As citizens help low-income community members weather the COVID-19 outbreak, several civil society groups in Yogyakarta have reported police intimidation and excessive monitoring during their relief efforts.A group called Jogja Food Solidarity (SPJ) said the police had been monitoring their distribution of food, facemasks, health supplements and hand sanitizer to low-income informal workers in Yogyakarta.SPJ has opened 11 public kitchens in the city, including on Jl. Ngadiwinatan near Ngayogyakarta Hadiningrat Palace, where volunteers gather to provide free food and other necessities for pedicab drivers, street vendors and sex workers, among others. Ita Fatia Nadia, one of SPJ’s founders, said two police officers had come to their charity event on Jl. Ngadiwinatan last Thursday. “They asked us who initiated the event, who its donors were and where we were distributing the rice boxes. They also took photos of us,” she told The Jakarta Post on Tuesday.Ita said activists working at the kitchens did not answer the police officers. The officers soon left the location.However, one of the officers, identified as Parto, returned to the charity event two days later and asked the same questions. “He took pictures of me without my permission. I replied that it violated my rights,” said Ita.She later found out that the officer had not brought a letter of assignment. Ita asserted that no regulation required them to report charity events to the police during the COVID-19 outbreak. Four other police officers came to an SPJ public kitchen in the Ambarketawang Permai housing complex in Gamping, Sleman, on Friday to disperse the volunteers.“They initially thought the event would constitute a mass gathering. After we told them about the charity event, they understood,” said M. Taufiq Firdaus, a volunteer at the kitchen.SPJ was not the only group in Yogyakarta whose charity events were raided by authorities. On Saturday, the police dispersed a meeting to evaluate a charity program held by activists from the Yogyakarta chapter of the Indonesian Forum for the Environment (Walhi Yogyakarta) in Kotagede.The police argued that the activists had violated a mayoral decree that restricted residents from partaking in mass gatherings during the COVID-19 outbreak. The activists said the meeting had followed prescribed protocols.After negotiating, the Walhi activists were allowed to continue the meeting until 10 p.m. However, at about 8:55, police officers – now accompanied by military personnel and dozens of residents – arrived at the Walhi office to disperse the meeting.”Authorities should stop repressive actions against civil society’s good intentions in the name of COVID-19 prevention,” said Himawan Kurniadi of Walhi Yogyakarta.SPJ’s Ita said she wrote an open letter to President Joko “Jokowi” Widodo on Monday, demanding the President stop repressing such acts of solidarity during the COVID-19 outbreak.Ngampilan Police chief Adj. Comr. Hendro Wahyono, whose jurisdiction covers the location of SPJ’s public kitchens, dismissed the allegations of repression, saying the officers had taken preventive measures to anticipate unwanted occurrences.”In the name of God, we didn’t intimidate anyone. They could have actually asked for our help in distributing aid to society,” Hendro said.Kotagede Police chief Comr. Dwi Tavianto denied that authorities dismissed the meeting at Walhi’s Yogyakarta office. “Residents reported that there was a social gathering at the location. We came to respond to the report.”Yogyakarta has imposed a state of emergency from March 20 to May 29 in an effort to contain the COVID-19 outbreak in the province. As of Wednesday, there were 75 confirmed cases, seven deaths and 75 recoveries in the province. (trn)Topics :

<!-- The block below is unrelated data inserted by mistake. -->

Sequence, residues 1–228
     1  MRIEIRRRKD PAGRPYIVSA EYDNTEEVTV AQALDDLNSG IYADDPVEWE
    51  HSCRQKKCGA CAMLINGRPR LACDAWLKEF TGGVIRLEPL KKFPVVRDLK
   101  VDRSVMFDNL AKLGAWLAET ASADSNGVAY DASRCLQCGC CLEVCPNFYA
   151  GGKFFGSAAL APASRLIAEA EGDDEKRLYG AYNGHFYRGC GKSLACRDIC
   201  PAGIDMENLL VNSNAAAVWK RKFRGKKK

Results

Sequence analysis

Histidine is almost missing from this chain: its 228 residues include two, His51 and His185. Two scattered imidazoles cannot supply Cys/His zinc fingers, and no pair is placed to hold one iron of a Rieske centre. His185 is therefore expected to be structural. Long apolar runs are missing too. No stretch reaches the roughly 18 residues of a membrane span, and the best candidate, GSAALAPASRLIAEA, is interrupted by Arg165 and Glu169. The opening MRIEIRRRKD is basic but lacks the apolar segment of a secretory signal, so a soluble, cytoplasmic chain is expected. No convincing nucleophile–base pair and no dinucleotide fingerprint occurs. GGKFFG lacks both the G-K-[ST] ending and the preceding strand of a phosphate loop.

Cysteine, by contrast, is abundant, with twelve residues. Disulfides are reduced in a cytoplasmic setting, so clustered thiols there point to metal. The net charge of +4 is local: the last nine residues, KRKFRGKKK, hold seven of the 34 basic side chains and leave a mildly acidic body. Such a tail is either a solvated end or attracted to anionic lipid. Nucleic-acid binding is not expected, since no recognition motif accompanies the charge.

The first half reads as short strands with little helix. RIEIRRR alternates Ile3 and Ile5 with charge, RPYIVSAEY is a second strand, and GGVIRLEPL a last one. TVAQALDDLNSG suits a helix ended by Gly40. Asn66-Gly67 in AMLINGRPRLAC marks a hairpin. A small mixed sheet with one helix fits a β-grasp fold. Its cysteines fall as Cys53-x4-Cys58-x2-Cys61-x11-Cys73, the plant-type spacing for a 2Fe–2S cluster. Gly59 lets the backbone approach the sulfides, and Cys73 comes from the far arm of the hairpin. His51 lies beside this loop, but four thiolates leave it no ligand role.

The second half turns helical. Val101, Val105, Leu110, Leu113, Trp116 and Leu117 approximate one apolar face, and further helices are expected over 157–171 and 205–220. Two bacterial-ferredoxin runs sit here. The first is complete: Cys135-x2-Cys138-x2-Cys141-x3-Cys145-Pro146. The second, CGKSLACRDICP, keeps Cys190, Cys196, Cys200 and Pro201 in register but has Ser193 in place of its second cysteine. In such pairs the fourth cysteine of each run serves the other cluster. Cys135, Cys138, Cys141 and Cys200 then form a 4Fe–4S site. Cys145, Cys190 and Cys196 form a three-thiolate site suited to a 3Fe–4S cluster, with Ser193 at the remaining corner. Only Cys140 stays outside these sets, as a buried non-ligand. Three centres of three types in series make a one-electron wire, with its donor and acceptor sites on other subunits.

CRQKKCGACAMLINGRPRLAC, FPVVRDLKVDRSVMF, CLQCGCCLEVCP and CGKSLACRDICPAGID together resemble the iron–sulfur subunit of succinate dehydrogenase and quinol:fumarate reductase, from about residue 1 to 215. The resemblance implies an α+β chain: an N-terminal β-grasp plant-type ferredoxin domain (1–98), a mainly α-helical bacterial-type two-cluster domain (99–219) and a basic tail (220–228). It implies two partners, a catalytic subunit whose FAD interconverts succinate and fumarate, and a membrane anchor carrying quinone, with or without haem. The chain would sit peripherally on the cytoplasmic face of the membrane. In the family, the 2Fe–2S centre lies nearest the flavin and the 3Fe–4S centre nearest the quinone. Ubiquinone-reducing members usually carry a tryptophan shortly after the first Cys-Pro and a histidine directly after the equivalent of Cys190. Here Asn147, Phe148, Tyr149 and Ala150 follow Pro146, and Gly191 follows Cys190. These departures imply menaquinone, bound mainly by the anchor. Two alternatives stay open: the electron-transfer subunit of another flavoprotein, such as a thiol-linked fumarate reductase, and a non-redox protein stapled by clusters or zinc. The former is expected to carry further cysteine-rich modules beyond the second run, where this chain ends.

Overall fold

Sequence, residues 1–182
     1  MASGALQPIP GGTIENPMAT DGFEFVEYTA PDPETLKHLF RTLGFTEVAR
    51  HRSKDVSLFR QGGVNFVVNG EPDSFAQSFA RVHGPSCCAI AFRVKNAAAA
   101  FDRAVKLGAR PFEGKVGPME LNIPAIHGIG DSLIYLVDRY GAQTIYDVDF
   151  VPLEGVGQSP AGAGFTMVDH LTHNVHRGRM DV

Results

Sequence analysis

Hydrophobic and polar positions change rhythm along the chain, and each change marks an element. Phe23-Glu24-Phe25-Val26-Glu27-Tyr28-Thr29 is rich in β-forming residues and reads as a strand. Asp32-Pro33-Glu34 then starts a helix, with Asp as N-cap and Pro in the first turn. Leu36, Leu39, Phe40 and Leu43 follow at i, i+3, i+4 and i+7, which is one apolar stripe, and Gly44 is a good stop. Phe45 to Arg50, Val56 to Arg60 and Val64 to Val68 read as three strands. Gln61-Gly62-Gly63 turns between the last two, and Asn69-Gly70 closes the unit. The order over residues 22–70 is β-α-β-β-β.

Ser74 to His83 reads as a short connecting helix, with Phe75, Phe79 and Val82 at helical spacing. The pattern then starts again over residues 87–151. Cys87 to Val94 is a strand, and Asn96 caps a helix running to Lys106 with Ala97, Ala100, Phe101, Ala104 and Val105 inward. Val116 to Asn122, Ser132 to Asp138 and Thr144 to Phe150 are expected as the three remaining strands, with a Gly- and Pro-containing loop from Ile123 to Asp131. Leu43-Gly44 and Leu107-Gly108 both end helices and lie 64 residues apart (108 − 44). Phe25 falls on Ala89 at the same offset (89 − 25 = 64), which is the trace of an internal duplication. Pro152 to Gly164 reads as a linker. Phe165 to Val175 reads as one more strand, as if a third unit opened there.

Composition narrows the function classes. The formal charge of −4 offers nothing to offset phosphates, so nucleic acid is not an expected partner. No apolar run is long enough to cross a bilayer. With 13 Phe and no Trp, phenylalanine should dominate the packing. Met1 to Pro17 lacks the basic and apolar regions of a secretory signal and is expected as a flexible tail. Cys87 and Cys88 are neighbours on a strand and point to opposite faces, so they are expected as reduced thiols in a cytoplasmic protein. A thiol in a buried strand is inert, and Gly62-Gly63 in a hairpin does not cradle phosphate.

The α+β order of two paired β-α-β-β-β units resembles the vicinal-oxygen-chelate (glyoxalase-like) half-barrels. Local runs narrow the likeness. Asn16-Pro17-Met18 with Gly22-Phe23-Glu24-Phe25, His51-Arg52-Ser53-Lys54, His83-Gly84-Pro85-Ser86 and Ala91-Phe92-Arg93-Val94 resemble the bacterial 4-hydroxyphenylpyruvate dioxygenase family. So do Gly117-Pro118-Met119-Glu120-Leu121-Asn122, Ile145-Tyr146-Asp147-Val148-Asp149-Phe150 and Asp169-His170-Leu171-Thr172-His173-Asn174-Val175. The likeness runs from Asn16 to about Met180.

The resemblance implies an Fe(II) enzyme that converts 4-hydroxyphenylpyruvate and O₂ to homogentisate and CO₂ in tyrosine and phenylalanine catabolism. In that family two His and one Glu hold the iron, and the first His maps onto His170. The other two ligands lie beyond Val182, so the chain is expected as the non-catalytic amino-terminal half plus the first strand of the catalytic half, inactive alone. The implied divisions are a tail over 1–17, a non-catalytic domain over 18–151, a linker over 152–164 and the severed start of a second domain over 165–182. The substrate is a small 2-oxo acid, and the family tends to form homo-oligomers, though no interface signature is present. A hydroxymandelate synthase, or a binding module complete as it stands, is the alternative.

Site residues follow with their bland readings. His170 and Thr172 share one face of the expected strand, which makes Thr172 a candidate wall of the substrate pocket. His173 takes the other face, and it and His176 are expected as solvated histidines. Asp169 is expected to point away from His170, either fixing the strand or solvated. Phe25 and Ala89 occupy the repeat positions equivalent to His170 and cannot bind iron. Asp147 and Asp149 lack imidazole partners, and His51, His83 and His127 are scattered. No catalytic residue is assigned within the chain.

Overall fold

65 Crest Drive, CurrumbinAn array of birdlife visits the verandas of the home. “There is a part of bush below the property and I understand the sanctuary gives the animals a bit of respite in there so I’ve always had kookaburras and lorikeets coming up on to the balcony,” Mr McGuire said.More from news02:37Purchasers snap up every residence in the $40 million Siarn Palm Beach North3 hours ago02:37International architect Desmond Brooks selling luxury beach villa23 hours ago 65 Crest Drive, Currumbin. “I originally bought it as a weekender and then wanted to settle down and retire but for the past 12 months it has been rented out,” he said. Understated at street level, once you get inside, the three-level house is multiple storeys of luxe. Soak up these views from the tubIT’S a story Pat Mcguire loves to tell when he talks about his breathtaking Currumbin house and it always begins with the endless views. With amazing sunrises and romantic sunsets rising and setting over the Currumbin Wildlife Sanctuary Park this house was the perfect weekender for it’s Brisbane homeowner. Mr McGuire describes his backyard as a wildlife park with views that will keep you glued to the windows. 65 Crest Drive, Currumbin.The 59-year-old, who used the property as a base when training surf boat crews at the Currumbin Surf Life Saving Club said he added a few of his favourite features into the house including a luxury bath tub. Two fireplaces, a sauna and bar were a part of the $300,000 renovation Mr McGuire undertook when he bought the house. 65 Crest Drive, Currumbin.“The house sits up high on a hill and has huge views of the Currumbin Hill Conservation Park,” he said.“I have become used to seeing wallabies in the backyard and koalas in the trees.“The sound of birds comes with the house too. The house feels as if it is part of nature.”The grandfather-of-four said he felt connected to nature when he came home. “When I bought the property I wanted to put a few of my own touches on it and make it feel like home,” Mr McGuire said.